Phil Kay is a well-known presence on both the Scottish comedy scene and the Fringe in particular, but his familiarity has not soured the sometimes infectious energy of his comic presence. Nearly thirty years in the business have yet to slacken Kay's enthusiasm for standup or deplete his imagination.
Kay practices a style of stream-of-consciousness observational humour that has maybe fallen out of fashion in an era of standup that increasingly favours precisely-phrased storytelling and the killer punchline. Yet Kay's rapid-fire, multiple-choice approach to comedy often serves his material well. In any given 10 seconds of one routine, there might be several variations on the same joke, but instead of lessening the humour through repetition, they act almost like an orchestra tuning up until the final, ultimate laugh is delivered.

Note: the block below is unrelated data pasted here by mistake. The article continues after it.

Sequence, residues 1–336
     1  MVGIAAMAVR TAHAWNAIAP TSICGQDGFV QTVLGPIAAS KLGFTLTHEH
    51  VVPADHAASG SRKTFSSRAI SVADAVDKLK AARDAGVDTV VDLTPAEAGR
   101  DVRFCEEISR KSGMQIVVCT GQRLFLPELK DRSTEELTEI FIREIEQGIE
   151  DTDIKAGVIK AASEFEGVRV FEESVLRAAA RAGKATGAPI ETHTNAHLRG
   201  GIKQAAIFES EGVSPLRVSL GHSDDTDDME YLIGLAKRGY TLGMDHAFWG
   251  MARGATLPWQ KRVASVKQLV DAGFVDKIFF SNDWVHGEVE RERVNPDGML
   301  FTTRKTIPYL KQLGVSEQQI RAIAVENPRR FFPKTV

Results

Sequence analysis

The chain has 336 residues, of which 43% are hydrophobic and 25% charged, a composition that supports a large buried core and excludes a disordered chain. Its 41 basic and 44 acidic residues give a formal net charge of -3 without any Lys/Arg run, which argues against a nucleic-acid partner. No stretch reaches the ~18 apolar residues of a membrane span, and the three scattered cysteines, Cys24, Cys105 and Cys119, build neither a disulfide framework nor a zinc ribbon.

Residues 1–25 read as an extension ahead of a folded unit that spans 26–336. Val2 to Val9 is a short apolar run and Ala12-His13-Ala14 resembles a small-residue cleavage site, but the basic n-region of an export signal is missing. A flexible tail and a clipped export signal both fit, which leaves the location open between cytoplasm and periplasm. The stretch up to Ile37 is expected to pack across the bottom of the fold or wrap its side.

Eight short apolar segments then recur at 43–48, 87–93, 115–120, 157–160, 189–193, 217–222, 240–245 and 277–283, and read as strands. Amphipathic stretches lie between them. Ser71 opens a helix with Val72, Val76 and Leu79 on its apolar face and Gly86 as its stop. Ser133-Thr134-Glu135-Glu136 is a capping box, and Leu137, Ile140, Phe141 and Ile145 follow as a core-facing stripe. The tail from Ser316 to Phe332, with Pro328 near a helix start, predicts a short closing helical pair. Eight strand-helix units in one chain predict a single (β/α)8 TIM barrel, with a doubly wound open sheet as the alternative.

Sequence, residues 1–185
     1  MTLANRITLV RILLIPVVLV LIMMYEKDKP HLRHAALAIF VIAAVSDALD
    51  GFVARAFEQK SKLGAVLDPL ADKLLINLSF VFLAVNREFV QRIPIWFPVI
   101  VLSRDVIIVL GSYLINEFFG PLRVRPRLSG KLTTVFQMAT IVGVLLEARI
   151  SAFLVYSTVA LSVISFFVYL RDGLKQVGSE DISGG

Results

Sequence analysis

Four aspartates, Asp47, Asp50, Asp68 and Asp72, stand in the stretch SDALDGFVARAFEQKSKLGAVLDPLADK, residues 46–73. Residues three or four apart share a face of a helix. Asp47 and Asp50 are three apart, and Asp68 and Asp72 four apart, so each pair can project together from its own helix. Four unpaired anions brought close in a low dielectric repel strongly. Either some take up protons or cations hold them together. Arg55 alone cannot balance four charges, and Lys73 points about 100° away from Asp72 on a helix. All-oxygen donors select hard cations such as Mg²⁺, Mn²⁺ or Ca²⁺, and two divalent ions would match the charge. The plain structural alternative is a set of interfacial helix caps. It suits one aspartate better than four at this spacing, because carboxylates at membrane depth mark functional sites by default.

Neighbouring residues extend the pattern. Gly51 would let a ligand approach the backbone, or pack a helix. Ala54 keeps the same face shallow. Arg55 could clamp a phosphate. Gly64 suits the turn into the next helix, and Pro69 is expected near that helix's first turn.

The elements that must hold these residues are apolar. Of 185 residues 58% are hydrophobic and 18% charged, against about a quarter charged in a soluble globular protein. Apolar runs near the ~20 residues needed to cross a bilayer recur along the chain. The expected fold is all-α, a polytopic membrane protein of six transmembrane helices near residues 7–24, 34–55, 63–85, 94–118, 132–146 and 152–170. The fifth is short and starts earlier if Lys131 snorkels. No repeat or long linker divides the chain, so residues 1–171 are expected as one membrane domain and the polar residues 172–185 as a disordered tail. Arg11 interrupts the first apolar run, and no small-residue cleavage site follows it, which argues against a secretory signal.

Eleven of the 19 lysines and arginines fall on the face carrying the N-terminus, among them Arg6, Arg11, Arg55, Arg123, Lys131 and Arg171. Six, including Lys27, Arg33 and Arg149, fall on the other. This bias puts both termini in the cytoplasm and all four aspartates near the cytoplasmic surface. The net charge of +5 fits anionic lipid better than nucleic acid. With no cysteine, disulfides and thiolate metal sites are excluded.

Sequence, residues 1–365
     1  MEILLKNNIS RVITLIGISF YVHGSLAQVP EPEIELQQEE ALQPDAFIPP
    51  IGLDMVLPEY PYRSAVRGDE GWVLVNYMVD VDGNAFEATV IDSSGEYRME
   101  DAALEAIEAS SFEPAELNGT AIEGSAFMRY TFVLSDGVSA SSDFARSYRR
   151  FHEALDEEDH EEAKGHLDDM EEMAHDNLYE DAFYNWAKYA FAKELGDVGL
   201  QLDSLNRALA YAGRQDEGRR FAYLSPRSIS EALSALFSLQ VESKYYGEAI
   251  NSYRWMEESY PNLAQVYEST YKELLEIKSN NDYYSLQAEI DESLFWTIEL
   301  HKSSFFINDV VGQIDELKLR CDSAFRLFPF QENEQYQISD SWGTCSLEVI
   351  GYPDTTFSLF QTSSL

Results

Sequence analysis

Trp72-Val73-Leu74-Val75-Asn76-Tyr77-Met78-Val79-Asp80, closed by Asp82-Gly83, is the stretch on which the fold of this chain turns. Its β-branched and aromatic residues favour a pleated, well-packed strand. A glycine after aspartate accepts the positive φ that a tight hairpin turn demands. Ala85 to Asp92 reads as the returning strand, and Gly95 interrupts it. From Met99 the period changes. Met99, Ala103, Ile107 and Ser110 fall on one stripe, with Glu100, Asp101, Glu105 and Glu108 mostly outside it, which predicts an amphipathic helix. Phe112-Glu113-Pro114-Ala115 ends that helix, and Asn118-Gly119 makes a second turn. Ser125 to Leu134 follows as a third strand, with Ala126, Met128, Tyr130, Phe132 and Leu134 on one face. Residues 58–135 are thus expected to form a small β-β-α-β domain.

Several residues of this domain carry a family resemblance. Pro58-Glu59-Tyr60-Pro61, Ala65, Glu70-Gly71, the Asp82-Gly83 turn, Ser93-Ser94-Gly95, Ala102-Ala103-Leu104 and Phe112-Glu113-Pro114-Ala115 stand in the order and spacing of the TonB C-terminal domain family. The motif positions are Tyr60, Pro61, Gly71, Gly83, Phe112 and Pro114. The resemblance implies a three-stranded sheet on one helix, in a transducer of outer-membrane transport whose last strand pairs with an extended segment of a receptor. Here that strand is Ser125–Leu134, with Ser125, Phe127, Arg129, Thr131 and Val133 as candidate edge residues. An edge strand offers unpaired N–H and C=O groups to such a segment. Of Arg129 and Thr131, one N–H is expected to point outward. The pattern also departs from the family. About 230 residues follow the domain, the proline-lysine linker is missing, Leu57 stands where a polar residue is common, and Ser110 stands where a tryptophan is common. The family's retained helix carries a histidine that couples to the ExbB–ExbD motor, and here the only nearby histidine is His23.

The appeal of Kay's persona—and its ability to carry the crowd from the off—is for the best; Lighter Hour is, as the name suggests, pretty light, and feels a bit more insubstantial than a hour of comedy should. His drawn-out, verbose style—entertaining though it may be—leaves the show with only a few solid anecdotes and reflections.
However, this may be attributed to the prolongued periods of improvisation into which Kay diverts, and which he has more talent in than most of his peers, proving that the strength of observational humour often lies in the originality of the observer. Lighter Hour may be a work in progress, but its progression is good fun to witness.